It will be interesting to see the results of the studies and the subsequent comments from the NRA and government authorities regarding Smart weapons as upgrading anything with technology is often seen with sceptical eyes from everyone.

Image courtesy of the Verge.

Snowden Leak Reveals How Microsoft Helped the NSA Bypass Encryption

Privacy, spying, hacking, monitoring, tracking, just some of the words that people around the world have become frighteningly familiar with over the last few years. Edward Snowden uncovered many details of how our governments treat our data and he’s showing no sign of slowing down. His latest revelation reveals how Microsoft worked closely with the US Government, namely the NSA, to bypass encryption mechanisms that are intended to protect the privacy and data of the millions of users of Microsoft software such as Windows.

According to his article in The Guardian, NSA memos show that Microsoft helped the find a way to decrypt messages sent over various platforms, including Outlook, Hotmail and Skype, effectively handing them a backdoor into the data we entrusted them with.

While it’s no secret (anymore) that big tech companies were under pressure from various agencies to provide them with data on users, both with and without a warrant or similar legal document to back up their demands. However, the new leaks suggest Microsoft actively went out of their way to assist federal investigators, such as helping to circumvent encrypted chat messages via Outlook.com, prior to the product being launched to the public!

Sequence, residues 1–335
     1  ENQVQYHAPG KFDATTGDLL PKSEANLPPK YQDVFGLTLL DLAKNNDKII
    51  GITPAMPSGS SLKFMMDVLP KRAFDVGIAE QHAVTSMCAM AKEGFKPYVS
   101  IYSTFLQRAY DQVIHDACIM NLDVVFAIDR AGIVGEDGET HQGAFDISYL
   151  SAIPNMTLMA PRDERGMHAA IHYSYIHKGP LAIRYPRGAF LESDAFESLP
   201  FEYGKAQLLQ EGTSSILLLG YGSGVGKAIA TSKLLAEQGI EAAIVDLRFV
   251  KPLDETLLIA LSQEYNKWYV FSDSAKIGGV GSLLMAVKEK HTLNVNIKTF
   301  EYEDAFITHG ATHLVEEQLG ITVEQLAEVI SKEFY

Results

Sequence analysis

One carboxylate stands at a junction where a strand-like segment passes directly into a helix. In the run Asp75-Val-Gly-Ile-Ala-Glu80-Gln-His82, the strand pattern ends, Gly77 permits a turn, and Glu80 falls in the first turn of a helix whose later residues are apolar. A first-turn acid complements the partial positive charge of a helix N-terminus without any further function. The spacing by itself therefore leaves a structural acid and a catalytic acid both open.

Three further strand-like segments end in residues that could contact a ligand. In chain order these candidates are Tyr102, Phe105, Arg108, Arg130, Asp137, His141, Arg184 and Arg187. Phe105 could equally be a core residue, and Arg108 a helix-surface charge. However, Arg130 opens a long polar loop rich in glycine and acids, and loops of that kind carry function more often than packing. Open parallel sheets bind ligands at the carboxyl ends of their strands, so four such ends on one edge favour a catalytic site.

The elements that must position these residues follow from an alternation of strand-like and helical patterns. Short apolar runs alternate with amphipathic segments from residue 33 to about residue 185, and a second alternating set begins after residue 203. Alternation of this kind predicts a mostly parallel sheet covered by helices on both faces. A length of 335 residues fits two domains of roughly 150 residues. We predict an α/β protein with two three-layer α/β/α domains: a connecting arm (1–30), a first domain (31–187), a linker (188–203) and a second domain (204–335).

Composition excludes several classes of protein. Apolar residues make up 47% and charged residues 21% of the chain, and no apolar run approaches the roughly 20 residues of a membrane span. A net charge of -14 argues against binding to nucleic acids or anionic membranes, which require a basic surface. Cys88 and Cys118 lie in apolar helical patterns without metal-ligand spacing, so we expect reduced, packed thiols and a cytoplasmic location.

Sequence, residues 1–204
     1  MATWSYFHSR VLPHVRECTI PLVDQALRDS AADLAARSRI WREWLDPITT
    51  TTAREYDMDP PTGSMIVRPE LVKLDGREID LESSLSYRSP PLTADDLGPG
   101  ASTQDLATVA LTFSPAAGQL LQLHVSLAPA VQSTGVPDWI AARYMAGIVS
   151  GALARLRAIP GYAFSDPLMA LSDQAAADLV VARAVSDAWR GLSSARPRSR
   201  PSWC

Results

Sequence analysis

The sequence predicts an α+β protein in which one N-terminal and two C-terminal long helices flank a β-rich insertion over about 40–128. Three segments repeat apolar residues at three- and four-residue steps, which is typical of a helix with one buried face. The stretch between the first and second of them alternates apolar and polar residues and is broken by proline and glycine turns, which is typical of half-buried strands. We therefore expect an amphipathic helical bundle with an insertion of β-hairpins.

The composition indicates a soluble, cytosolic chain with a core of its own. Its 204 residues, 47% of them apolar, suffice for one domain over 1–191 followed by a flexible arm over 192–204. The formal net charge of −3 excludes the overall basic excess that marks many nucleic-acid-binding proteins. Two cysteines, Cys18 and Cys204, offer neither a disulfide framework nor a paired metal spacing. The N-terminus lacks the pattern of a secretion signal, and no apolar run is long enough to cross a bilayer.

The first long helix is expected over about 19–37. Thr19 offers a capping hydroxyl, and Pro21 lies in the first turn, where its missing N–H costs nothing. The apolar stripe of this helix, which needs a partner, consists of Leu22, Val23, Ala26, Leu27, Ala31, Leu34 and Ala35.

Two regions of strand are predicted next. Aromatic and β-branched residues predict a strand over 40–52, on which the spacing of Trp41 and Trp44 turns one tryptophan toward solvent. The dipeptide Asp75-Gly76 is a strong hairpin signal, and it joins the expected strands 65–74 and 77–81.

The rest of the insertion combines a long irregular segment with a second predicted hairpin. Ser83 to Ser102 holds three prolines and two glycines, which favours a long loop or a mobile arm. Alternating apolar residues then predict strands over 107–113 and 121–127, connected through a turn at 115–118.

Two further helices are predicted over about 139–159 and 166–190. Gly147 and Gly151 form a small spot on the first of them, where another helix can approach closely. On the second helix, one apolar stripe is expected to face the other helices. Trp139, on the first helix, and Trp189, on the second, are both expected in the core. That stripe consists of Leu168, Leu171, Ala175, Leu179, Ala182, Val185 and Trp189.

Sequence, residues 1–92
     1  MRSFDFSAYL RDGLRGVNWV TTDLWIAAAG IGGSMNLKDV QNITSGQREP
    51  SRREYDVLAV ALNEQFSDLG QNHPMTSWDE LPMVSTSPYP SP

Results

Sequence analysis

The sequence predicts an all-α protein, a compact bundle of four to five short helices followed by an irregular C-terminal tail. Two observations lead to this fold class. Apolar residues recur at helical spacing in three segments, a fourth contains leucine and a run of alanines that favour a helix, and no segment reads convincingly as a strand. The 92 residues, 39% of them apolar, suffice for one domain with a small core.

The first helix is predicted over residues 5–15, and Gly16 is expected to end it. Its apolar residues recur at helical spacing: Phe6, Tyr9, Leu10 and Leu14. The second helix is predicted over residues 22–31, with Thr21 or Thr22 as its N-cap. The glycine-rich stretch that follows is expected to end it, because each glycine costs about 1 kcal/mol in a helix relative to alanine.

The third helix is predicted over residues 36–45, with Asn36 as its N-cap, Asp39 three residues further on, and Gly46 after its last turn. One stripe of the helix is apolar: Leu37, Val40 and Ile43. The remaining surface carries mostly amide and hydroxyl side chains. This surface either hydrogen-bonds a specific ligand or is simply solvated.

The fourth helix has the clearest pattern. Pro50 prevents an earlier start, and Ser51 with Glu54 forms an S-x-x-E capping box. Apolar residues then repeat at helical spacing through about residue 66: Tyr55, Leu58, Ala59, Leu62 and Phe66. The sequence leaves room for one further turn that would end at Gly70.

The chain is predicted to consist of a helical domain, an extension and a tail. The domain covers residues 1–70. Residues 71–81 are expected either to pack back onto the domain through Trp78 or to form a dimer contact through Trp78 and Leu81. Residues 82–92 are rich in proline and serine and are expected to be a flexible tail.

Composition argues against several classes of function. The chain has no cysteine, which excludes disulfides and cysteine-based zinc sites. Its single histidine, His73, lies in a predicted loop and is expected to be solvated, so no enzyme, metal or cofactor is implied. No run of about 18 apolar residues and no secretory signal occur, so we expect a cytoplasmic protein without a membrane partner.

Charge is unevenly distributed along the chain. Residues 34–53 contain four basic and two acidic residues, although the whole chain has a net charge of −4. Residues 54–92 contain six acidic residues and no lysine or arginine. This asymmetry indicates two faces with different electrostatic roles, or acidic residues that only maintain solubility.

How Microsoft will react from this, especially given the privacy concerns of many in regards to Windows 10, remains to be seen.

Thank you RT for providing us with this information.

LinkedIn Facing Lawsuit over Access of Email Accounts

LinkedIn has been ordered to stand trial by a U.S Federal judge over allegations from users that they have been sending and accessing emails without consent.

LinkedIn has been found to be accessing users email accounts, copying their address books and using this information to solicit business. This is seen as a loophole by some as users do agree upon sign up to allow LinkedIn to use their contacts to send an initial recruitment email – but give no authorization to send further reminder emails.

US district Judge, Lucy Koh (San Jose, California) stated:

“This practice could injure users’ reputations by allowing contacts to think that the users are the types of people who spam their contacts or are unable to take the hint that their contacts do not want to join their LinkedIn network.

“In fact, by stating a mere three screens before the disclosure regarding the first invitation that ‘We will not … email anyone without your permission,’ LinkedIn may have actively led users astray.”

Koh has given customers the green light to pursue their claims that LinkedIn has violated their right of publicity. She has dismissed other claims however, such as violation of federal wiretap laws.

Crystal Braswell declared on behalf of LinkedIn:

“We are pleased that the Court rejected plaintiffs’ unfounded “hacking” claims and found that LinkedIn members consented to sharing their email contacts with LinkedIn. We will continue to contest the remaining claims, as we believe they have no merit.”

View the full information on the class action lawsuit here.

Image courtesy of Ben Scholzen